Restoring & Growing Our Forests

The National Greening Program targets areas in need of reforestation or afforestation with mass seedling plantings.

Last year we planted over 2 million trees in five regions: British Columbia & Territories/North, the Prairies, Ontario, Quebec, and Atlantic.

Our diverse network of partners and donors makes this possible, helping us to plant the right trees in the right places.

Benefits of Reforestation

Growing trees where forests have been degraded – or where there was no previous tree cover – provides multiple benefits to nature, from ecosystem stability to cleaner air, water and soil.

Carbon Sequestration

Trees absorb carbon dioxide as they grow, helping to fight climate change by removing and storing carbon from the air.

Wildlife Habitat

Restoring forest cover protects and enhances habitat for wildlife and increases biodiversity.

Clean Environment

Trees remove pollutants and toxins from the air, soil and groundwater and prevent soil erosion near waterways.

Support the National Greening Program

Help us to reach two million trees planted this year! Donations will be matched through the federal government's 2 Billion Trees Program.

Donate to reforest areas in need for only $5 per seedling!


Grow your impact as a National Greening Program partner.

Become a partner
Tree Canada’s Commitment to Quality

Our planting projects each have a specific silvicultural prescription to maximize the establishment of the trees. Survival assessments are conducted in years 1, 2 and 5 after planting until the projects are “free-to-grow”.

View our series of videos on the National Greening Program to learn more about our work.

Tree Canada works closely with local authorities and private landowners to select planting sites that are in need of reforestation or afforestation:

  • Reforestation is the process of replanting trees in areas where existing forests and woodlands have been degraded due to human activity or natural causes, such as pest infestations or fires.
  • Afforestation is the process of establishing new forests or woodlands in areas where there was no tree cover over a long period of time, such as abandoned agricultural or industrial lands.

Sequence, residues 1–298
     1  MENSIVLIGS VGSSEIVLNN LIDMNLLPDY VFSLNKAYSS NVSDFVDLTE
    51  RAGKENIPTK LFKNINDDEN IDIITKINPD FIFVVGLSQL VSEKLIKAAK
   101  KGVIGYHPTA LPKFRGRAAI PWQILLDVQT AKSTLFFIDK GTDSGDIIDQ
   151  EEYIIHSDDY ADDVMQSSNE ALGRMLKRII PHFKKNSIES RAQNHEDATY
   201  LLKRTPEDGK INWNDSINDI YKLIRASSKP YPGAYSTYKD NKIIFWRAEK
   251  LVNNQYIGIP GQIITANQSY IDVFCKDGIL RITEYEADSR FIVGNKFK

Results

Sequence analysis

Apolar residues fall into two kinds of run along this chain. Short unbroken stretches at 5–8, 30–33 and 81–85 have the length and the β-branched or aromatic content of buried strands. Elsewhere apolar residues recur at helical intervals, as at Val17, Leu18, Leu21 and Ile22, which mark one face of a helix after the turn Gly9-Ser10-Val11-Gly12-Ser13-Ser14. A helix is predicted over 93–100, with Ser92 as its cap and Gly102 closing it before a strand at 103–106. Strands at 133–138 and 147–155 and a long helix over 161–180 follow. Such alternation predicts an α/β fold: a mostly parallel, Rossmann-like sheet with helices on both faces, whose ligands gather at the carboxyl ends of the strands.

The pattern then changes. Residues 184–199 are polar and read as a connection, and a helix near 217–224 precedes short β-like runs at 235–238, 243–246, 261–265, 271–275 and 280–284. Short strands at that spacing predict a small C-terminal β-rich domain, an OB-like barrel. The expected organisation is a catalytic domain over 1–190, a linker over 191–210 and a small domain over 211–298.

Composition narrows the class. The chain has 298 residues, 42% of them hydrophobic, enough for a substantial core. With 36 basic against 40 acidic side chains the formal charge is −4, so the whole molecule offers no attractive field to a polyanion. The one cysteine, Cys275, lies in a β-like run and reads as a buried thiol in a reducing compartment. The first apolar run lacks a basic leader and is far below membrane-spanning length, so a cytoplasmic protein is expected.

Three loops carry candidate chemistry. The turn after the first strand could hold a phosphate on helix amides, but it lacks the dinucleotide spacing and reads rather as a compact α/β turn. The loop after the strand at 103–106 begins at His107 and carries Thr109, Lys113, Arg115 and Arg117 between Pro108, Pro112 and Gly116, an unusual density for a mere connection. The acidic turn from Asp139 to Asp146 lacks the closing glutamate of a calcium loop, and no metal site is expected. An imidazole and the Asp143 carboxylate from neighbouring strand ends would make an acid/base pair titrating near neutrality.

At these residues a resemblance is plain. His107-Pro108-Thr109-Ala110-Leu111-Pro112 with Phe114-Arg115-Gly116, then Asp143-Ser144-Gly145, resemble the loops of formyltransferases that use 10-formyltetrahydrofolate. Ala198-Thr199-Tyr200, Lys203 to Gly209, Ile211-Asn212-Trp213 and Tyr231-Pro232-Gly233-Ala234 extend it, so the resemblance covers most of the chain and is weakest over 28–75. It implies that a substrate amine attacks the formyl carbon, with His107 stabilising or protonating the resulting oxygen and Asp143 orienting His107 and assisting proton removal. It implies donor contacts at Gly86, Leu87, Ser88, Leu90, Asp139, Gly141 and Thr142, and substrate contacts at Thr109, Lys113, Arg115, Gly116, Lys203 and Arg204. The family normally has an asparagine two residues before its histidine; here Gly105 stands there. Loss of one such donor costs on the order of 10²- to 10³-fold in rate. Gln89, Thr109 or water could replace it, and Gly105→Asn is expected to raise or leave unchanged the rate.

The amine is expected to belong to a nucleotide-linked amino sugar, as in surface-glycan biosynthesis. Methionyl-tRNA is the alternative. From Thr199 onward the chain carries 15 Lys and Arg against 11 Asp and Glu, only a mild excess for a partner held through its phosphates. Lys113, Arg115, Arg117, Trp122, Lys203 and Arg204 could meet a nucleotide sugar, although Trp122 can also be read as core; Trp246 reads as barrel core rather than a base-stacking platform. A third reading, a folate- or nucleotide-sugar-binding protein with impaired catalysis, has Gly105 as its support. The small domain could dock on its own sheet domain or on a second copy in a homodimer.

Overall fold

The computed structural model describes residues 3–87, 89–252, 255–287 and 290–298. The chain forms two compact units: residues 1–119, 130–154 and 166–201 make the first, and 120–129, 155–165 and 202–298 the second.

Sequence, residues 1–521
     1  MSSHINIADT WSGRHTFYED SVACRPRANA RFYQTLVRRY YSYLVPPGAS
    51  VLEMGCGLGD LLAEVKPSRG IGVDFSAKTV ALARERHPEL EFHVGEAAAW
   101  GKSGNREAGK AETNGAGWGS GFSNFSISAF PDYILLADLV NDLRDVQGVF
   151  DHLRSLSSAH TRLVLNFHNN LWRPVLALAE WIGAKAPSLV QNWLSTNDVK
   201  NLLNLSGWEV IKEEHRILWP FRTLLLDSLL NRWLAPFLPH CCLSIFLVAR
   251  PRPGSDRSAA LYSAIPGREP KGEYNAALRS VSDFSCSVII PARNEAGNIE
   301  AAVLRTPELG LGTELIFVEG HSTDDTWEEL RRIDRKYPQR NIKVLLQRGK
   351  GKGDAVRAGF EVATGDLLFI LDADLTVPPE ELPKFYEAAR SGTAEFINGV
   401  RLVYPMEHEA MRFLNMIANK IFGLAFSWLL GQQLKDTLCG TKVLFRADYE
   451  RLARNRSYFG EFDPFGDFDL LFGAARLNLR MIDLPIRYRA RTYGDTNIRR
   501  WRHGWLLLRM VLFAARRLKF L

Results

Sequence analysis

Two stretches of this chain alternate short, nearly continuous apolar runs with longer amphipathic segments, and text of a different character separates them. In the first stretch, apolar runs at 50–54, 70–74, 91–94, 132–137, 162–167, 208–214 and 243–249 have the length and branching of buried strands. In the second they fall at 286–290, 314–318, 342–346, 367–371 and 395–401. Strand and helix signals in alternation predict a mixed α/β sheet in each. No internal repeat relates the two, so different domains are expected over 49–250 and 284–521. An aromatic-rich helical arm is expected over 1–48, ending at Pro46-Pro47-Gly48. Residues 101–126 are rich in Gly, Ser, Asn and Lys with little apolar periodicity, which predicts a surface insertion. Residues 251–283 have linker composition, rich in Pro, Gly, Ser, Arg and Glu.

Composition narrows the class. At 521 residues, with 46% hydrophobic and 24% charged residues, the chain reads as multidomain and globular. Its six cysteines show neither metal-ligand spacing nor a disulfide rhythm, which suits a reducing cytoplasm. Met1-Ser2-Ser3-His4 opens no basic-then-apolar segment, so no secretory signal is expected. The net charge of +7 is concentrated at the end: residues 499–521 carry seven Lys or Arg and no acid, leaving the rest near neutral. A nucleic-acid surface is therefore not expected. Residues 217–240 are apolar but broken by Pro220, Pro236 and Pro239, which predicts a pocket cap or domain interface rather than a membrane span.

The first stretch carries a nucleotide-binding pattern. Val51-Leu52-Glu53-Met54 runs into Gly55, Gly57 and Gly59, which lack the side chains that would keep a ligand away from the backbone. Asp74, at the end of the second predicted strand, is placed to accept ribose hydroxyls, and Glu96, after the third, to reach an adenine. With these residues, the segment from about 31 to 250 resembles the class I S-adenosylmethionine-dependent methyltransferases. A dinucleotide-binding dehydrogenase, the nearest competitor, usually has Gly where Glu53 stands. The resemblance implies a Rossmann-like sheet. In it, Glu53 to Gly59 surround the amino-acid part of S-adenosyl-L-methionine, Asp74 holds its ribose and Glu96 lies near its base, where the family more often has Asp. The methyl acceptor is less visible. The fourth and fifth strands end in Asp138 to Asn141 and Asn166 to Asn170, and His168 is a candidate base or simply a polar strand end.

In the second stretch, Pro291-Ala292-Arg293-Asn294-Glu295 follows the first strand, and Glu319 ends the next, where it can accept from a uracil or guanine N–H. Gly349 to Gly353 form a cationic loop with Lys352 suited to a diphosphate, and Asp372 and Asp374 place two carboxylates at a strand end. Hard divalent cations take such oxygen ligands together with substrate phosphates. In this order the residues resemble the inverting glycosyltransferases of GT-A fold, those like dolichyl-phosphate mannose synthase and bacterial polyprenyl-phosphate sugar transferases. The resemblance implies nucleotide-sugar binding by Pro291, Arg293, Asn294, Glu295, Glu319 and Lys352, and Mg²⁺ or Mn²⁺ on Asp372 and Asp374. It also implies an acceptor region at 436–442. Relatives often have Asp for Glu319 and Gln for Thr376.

How we select planting sites:

  1. Priority is given to planting on municipal or First Nations lands where there is a guarantee that they will remain in forest cover and where the landowner’s primary objective is forest conservation. Private land will be considered when there is a significant environmental benefit.
  2. The land should be a candidate for afforestation or restoration due to natural or human-caused disturbances including wildfires, windstorms, insect outbreaks, abandoned farmland or aggregate extraction.
  3. Another restoration priority is water. That is, improving forest cover in riparian areas including shorelines along water bodies, stream banks and wetlands.

Every National Greening Program planting project follows a specific silvicultural prescription that is approved by a registered forestry professional. This ensures that all projects are prescribing the appropriate species mix, density, and pre- and post-planting treatments to maximize the establishment and survival potential of the trees.

Tree Canada plants seedlings of native tree species suited for each planting site to allow the ecosystem to re-establish itself or remain in its original state. Since native species are currently growing or once grew in a particular area, they are more likely to re-establish themselves and thrive than non-native species.

Tree Canada conducts survival assessments to measure the success of plantings and determine maintenance requirements. Sampling is done in the 1st, 2nd and 5th years after planting. If tree survival falls below an industry standard threshold, Tree Canada will replant the site at its own cost. If a site is deemed unsuitable for replanting, Tree Canada will choose a different site.

Survival assessments are conducted by third party assessors – a registered professional forester or a submitted audit report that has been approved by such a professional – to ensure accuracy and accountability.

View our past planting sites and survival rates:

National Greening Program project proponents and landowners must be committed to each project’s long-term success. Landowners sign an agreement that requires them to steward the planted trees for a minimum of 20 years up to 50 years.

During and after planting, our forest professionals provide landowners with maintenance advice including any actions to be taken (e.g., removing competitive grasses, watering, corrective pruning).

Explore how we ensure long-term growth post-planting by watching our video here.


Leave a Growing Legacy

Tree Canada’s National Greening Program supports landowners with their tree planting projects. Landowners benefit from Tree Canada’s extensive experience in project design, qualified staff and Forestry Specialists, our partnerships with conservation organizations as well as funding and support.

Learn more about how we support landowners or submit a proposal today to be part of our National Greening Program.